SE can be a problem for broilers that do not yet have a fully matured immune system, as they cannot completely control the infection. Because of this, most of the response improvements found in this study were found up to 14 days. Therefore, β-glucan supplements can help broilers achieve an earlier and faster innate immune activation and response, reducing/minimising pathogen-caused damage and, consequently, performance losses. This type of response is particularly important for animals in the early stages of development and reproduction, or under periods of stress and environmental challenges, acting as a prophylactic and increasing animal resistance, thus minimising further damage.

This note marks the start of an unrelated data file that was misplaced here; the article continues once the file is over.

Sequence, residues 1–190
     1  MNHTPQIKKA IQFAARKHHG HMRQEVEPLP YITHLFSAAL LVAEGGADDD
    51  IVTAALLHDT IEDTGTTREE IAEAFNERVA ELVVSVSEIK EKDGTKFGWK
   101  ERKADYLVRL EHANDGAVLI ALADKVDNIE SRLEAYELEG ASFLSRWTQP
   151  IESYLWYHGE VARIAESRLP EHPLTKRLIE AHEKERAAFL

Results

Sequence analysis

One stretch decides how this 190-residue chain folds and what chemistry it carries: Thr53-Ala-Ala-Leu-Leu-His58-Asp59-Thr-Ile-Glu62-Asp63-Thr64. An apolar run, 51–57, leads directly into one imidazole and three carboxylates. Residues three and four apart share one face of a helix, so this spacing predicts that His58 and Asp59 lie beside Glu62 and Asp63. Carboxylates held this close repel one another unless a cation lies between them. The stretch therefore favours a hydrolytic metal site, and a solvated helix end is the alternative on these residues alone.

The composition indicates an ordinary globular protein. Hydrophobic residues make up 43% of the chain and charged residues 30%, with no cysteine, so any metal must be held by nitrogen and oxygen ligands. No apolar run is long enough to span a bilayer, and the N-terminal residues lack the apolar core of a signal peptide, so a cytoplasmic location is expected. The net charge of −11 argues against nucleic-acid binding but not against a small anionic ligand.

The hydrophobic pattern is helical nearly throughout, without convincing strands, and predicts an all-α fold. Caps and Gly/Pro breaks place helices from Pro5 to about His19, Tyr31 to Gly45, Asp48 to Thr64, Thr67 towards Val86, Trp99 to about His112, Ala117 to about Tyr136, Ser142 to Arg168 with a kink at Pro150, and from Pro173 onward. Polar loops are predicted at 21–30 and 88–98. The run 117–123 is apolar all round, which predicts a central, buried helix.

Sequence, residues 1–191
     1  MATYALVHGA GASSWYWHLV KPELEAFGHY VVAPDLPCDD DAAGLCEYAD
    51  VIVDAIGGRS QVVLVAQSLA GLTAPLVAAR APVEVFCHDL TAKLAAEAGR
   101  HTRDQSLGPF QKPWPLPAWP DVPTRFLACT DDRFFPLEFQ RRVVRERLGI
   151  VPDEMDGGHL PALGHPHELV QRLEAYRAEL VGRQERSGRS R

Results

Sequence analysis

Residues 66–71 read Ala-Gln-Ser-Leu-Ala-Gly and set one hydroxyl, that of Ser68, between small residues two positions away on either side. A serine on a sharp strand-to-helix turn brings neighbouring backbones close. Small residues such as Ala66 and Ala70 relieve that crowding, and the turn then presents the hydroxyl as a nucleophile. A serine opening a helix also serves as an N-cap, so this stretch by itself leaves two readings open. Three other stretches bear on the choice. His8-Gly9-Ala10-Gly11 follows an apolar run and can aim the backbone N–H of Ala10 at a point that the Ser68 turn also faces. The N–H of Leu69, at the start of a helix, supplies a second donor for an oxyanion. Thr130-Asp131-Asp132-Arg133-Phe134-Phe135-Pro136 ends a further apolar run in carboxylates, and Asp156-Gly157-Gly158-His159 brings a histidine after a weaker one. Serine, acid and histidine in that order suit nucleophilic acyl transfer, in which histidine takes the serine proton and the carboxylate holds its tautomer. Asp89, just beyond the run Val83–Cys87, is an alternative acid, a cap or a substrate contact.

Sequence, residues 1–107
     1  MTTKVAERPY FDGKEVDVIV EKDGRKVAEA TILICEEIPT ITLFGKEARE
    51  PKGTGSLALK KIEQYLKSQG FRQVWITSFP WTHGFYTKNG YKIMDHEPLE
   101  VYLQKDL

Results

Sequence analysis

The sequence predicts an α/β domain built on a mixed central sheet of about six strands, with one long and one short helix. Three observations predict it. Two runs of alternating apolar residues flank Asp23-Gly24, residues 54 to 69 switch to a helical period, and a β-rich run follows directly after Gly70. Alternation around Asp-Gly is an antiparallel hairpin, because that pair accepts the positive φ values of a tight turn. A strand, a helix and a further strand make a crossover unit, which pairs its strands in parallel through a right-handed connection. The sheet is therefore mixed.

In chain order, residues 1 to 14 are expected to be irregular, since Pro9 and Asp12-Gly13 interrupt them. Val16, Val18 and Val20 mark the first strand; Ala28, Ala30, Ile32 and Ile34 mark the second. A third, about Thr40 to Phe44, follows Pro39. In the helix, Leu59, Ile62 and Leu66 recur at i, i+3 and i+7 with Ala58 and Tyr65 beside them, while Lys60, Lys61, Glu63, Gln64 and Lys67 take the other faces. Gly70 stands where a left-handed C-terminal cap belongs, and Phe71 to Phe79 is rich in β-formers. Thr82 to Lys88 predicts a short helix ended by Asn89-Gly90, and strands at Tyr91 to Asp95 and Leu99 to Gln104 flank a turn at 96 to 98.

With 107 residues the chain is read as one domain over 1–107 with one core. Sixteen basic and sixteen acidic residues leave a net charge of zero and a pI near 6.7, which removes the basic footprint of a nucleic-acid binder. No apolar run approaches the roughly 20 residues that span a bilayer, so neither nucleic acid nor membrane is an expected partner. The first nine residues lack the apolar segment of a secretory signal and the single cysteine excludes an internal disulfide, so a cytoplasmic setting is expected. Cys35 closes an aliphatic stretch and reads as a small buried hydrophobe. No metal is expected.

Many other different studies have proved the efficiency of ImmunoWall in reducing contamination of pathogens in poultry and eggs, mortality and in improving productive performance, mainly when challenged. There are no food additives that can overcome management, sanitation, vaccination, nutrition, or water quality problems, among others; but additives are tools which can help prevent and control these problems.

References available on request.

Author: Liliana Borges and Melina Bonato (R&D Brazil, ICC Brazil)